Landro writes:

“A new push is underway to eliminate unsafe injection practices, which remain a persistent safety problem despite years of efforts to educate clinicians about the risks of re-using needles, syringes and drug vials.

In the U.S., failure to follow safe practices in delivering intravenous medications and injections has resulted in more than 30 outbreaks of infectious disease including hepatitis C, and the notification of more than 125,000 patients about potential exposure just in the last decade, according to health-care purchasing alliance Premier Inc.”

As a registered nurse this is unthinkable.  Learning to administer injections safely is “patient care 101.”  There is no excuse for any health care professional to unsafely inject patients.

Patients in the hospital, ambulatory surgical centers or outpatient settings, should expect that their nurses, doctors and other clinicians are administering injections safely. Read more »

*This blog post was originally published at Health in 30*

Excellent, Quality Phlebotomy? Kudos To A Lab In Manhattan

Last week I had some blood tests taken before a doctor’s appointment. I went to a commercial lab facility, one of several dozen centers for collecting specimens have opened up in otherwise-unrented Manhattan office spaces lately.

I have to say I really like getting my blood work done at this place, if and when I need blood tests. And it’s gotten better over the past few years.

First, pretty much all they do in the lab center is draw blood and collect other samples based on a doctor’s orders. So the people who work there are practiced at phlebotomy, because it’s what they do most of the time. The guy who drew my blood last week did the same a year or two ago, and he was good at it back then. He used a butterfly needle and I didn’t feel a thing.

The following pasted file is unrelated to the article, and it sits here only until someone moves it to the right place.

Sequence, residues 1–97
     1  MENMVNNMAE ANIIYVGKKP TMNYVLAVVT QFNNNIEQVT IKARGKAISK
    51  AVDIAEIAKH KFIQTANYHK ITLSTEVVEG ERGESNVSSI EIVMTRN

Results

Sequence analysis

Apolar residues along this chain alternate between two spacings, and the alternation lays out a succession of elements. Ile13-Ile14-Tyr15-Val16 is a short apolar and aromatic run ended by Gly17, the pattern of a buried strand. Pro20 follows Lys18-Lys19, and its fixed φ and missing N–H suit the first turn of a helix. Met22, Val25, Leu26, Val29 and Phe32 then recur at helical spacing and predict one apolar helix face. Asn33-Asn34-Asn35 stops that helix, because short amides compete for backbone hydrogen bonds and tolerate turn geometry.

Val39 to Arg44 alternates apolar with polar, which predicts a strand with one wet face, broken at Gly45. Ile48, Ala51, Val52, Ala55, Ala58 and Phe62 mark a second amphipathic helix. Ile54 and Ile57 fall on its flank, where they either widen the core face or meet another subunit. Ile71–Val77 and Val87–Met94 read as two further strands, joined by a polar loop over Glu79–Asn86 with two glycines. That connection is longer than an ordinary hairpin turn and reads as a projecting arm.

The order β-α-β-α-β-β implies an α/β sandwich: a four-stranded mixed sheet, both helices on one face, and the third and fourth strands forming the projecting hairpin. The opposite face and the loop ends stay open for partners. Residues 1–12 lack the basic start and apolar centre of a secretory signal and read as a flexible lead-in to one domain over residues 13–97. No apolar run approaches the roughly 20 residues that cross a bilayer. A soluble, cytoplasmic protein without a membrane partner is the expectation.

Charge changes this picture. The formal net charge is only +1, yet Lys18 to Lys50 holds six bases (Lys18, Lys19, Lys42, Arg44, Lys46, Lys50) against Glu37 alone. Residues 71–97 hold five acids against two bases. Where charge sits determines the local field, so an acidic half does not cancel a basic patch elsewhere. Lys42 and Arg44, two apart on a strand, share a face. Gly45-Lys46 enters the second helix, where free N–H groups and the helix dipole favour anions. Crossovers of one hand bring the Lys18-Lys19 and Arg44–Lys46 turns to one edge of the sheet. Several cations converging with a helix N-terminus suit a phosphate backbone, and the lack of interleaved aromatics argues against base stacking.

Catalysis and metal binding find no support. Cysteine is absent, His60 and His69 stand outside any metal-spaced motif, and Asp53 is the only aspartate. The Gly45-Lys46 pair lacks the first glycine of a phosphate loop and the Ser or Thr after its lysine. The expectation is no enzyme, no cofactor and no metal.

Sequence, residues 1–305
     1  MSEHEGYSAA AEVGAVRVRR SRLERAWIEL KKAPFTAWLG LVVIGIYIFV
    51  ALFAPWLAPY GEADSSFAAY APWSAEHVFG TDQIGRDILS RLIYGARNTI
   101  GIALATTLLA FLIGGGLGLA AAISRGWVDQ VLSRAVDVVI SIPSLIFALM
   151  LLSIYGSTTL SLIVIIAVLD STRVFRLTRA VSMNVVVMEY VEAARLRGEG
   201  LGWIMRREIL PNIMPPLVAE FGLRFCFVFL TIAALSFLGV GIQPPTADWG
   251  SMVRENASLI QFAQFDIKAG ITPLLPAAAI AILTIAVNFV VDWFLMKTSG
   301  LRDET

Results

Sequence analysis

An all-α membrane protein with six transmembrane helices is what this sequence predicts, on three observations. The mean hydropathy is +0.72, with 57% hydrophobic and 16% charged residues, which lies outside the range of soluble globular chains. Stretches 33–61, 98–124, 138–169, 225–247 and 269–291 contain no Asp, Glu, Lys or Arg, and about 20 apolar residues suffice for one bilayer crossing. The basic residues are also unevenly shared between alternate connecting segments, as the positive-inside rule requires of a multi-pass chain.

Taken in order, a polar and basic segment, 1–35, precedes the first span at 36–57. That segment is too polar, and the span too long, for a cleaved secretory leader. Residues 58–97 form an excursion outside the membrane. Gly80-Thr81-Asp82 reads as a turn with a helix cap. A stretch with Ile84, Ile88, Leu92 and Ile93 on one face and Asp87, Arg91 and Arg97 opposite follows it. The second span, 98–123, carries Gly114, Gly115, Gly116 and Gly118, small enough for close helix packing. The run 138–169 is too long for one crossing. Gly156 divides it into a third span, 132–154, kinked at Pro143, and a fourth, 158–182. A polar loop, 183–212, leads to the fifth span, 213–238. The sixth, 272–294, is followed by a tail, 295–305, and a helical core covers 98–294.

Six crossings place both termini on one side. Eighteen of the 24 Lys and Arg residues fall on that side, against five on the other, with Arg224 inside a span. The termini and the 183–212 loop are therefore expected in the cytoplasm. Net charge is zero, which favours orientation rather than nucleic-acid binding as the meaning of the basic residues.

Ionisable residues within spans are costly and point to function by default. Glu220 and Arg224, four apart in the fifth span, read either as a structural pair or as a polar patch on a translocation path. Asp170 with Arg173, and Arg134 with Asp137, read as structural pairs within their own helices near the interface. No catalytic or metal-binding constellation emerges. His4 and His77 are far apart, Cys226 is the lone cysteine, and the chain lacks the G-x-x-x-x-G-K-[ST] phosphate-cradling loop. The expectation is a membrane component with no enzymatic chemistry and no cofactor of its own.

Second, they seem organized and careful about matching specimens to patients. The man who drew my blood didn’t just confirm my name and date of birth, but he had me sign a form, upon my inspecting the labels that he immediately applied to the tubes of blood he drew from my right arm, that those were indeed my samples and that I was the patient named Elaine Schattner with that date of birth and other particulars. Read more »

*This blog post was originally published at Medical Lessons*

Latest Interviews

IDEA Labs: Medical Students Take The Lead In Healthcare Innovation

It’s no secret that doctors are disappointed with the way that the U.S. healthcare system is evolving. Most feel helpless about improving their work conditions or solving technical problems in patient care. Fortunately one young medical student was undeterred by the mountain of disappointment carried by his senior clinician mentors…

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How To Be A Successful Patient: Young Doctors Offer Some Advice

I am proud to be a part of the American Resident Project an initiative that promotes the writing of medical students residents and new physicians as they explore ideas for transforming American health care delivery. I recently had the opportunity to interview three of the writing fellows about how to…

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Latest Book Reviews

Book Review: Is Empathy Learned By Faking It Till It’s Real?

I m often asked to do book reviews on my blog and I rarely agree to them. This is because it takes me a long time to read a book and then if I don t enjoy it I figure the author would rather me remain silent than publish my…

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The Spirit Of The Place: Samuel Shem’s New Book May Depress You

When I was in medical school I read Samuel Shem s House Of God as a right of passage. At the time I found it to be a cynical yet eerily accurate portrayal of the underbelly of academic medicine. I gained comfort from its gallows humor and it made me…

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Eat To Save Your Life: Another Half-True Diet Book

I am hesitant to review diet books because they are so often a tangled mess of fact and fiction. Teasing out their truth from falsehood is about as exhausting as delousing a long-haired elementary school student. However after being approached by the authors’ PR agency with the promise of a…